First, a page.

Tuesday, 5 October 2010

Maui (Auau) Channel 4/10/2010

I’m not normally a superstitious person, I don’t hold much weight on black cats crossing your path or walking under ladders but this last week I was starting to see things and portents of doom where I really shouldn’t have. It started with the trigger fish – (humuhumunukunukuapua’a – to give it its’ Hawaiian name). There I was doing a bit of relaxing snorkeling when I felt a little pinch on my toe, I turned around to see a brightly coloured little chap with a fetching arrow like stripe on his side watching me closely, I swam towards him thinking ‘hey little fellow, did you just bump into my foot’ and he promptly darted up to me and bit me on the finger. Now it was hardly a mortal wound, but it bled nicely for a few minutes after I had got out of the water and that night as I surfed wikipaedia I learnt I have been ‘got’ by the state fish of Hawaii. Still, I said to myself, just because a little reef fish fancied my finger doesn’t mean the larger sharper toothed varieties will find me tasty, does it?

The day before the swim I went for a last little loosener, just 2km around the ironman swim course. Half way round a felt a searing pain shoot across the back of my right hand, right across my face and down my chest and left arm, it felt like I had just been flailed. This was not the first occasion I had been hit by a bluebottle/portugese man-of-war so I knew what it was but the knowledge doesn’t really ease the discomfort, I made for home with my eyes watering and my skin burning with thoughts of how these little buggers often like to float in great numbers in the ocean, fortunately no more stings on the way back in but I wondered how many might be lined up the next day in the Maui channel. When I got back to the condo I received lots of sympathy from Vickie and an offer of a golden shower (which I declined). That night I spoke to my brother Matt about the swim and he regaled me with the story of an open water swimmer getting killed by a shark in the shallow waters off a Perth beach. Despite my protests that attacks on open water swimmers are extremely rare he did his best to convince me otherwise. It’s not wise to dwell on these things, the mind has a very active way of conceiving the worst case scenarios………..and then embellishing them.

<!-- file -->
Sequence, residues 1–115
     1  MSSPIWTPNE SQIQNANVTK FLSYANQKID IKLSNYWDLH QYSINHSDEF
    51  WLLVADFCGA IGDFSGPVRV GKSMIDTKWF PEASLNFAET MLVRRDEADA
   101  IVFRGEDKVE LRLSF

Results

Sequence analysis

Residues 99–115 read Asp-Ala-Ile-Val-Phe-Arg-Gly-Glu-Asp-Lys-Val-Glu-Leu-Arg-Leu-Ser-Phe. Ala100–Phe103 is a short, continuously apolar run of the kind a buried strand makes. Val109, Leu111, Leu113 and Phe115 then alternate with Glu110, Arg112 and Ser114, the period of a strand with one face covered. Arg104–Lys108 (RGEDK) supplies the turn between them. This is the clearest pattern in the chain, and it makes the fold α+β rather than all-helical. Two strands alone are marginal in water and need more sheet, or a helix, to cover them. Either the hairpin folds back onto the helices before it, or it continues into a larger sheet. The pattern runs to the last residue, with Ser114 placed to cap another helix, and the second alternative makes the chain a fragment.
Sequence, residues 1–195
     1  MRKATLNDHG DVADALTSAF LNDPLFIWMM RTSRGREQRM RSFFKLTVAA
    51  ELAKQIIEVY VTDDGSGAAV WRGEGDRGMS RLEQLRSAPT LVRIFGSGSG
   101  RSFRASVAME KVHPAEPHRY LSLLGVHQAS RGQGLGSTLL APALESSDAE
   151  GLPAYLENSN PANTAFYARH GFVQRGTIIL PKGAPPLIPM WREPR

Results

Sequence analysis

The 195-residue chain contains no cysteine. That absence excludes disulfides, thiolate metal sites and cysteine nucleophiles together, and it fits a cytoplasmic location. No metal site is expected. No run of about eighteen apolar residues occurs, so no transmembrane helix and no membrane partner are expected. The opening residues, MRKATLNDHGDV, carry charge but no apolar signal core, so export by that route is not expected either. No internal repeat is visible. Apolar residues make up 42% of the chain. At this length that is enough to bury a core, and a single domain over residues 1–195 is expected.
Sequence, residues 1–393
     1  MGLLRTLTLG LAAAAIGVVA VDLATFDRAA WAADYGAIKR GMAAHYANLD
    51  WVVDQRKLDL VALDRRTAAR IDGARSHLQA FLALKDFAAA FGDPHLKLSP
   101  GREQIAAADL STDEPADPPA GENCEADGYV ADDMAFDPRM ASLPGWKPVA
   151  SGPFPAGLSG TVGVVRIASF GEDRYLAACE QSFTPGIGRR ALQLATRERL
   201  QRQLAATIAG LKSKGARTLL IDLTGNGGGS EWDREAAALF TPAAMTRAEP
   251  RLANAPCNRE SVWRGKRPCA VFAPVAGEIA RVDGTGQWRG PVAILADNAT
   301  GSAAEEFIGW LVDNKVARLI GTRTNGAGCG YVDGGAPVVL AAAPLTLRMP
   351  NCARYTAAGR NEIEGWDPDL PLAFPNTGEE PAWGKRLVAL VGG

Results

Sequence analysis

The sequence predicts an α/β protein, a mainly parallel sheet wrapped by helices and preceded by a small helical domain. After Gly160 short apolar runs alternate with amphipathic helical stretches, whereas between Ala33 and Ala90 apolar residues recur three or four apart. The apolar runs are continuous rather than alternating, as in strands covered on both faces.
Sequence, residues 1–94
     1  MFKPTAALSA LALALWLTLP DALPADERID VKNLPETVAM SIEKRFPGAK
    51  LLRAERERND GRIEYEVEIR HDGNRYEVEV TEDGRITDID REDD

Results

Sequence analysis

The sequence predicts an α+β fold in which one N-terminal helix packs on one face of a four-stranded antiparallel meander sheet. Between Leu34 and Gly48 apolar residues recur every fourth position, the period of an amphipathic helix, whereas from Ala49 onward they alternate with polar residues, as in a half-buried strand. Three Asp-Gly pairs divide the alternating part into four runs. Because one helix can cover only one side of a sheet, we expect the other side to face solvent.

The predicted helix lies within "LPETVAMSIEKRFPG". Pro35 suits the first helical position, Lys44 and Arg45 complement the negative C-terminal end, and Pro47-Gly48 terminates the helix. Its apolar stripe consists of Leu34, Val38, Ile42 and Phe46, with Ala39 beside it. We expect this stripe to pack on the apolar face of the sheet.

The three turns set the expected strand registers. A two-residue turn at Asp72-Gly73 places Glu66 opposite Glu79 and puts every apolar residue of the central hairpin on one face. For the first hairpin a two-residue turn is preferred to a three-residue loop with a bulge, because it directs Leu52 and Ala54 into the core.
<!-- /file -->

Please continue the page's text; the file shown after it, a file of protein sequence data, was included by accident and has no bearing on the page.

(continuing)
The following morning we got up at 4am for out flight to Maui. We were treated to a 45min inter-island flight on a tiny 9-seater Cessna airplane. I had deliberately not told Vickie about the size of the craft as she has quite strong views about the safety of small airplanes (see previous paragraph about the mind and conceiving worst case scenarios). Still apart from a nagging feeling that a strong wind would tear both the wings off, it was a very scenic little flight and we picked up our hire car and headed around to Lahaina for the start of the swim. We met Jim Dickson our pilot and Mickey his crewman for the day and within about 10minutes of arriving I was in the water and swimming. Part of the haste was the concern about conditions blowing up as the morning progressed, it was already windy when we arrived and the strong currents and winds can make this crossing a notoriously choppy one. The Maui channel race the previous month had been one of the roughest on record with many teams not finishing or stopped because they were outside the 8hr cut off time. As I started I was treated to crystal clear waters, beautiful reefs and a turtle gliding about 5m beneath me. The waves initially were fairly gentle rollers coming from my right side and a little behind me so that every now and again I would get a nice push along although I was doing quite a bit of course correction to stop getting pushed off line. The first hour was easy and pleasant, the water got gradually deeper until I could no longer see the bottom but as is usually the way I don’t find myself dwelling on the deep blue beneath me on these swims, my head is happily too focused on the swim itself. I was in a nice rhythm and my main concern was not to start too enthusiastically, it was after all, going to be a good 4hrs of swimming. It’s usually about the 1.5-2hr mark that some of the negative thoughts start to creep in, not quite half way and the muscles are starting feel like they have already had a good work out. The conditions started to get quite choppy and it was getting harder to maintain the efficient relaxed stroke that is needed for a long swim. At the 2hr feed I was just over half way and I knew it was going to be a 4hr plus swim, not the 3.5hr in optimal conditions version I had secretly hoped for. I always try to break up these swims into little sections, trying not to think about how much further is left as it can weigh on the mind. ‘Swim to the next feed’ got me across the English Channel and it’s a good way to approach even more modest swims. At about the 3hr mark I remember thinking, how on earth did I keep going for 11hrs in the cold English Channel, I was feeling quite tired and the boat was looking like an attractive rest stop. Vickie however wasn’t looking like she was enjoying the boat ride. She had started off looking quite animated and moving around the boat, had progressed to sitting as still as possible to lying flat on her back and I was pretty certain the anti-nausea pill had not achieved the desired outcome. Fortunately I couldn’t hear Mickey yelling ‘follow the trail’ at one point but I had already correctly assumed she was feeding the fish.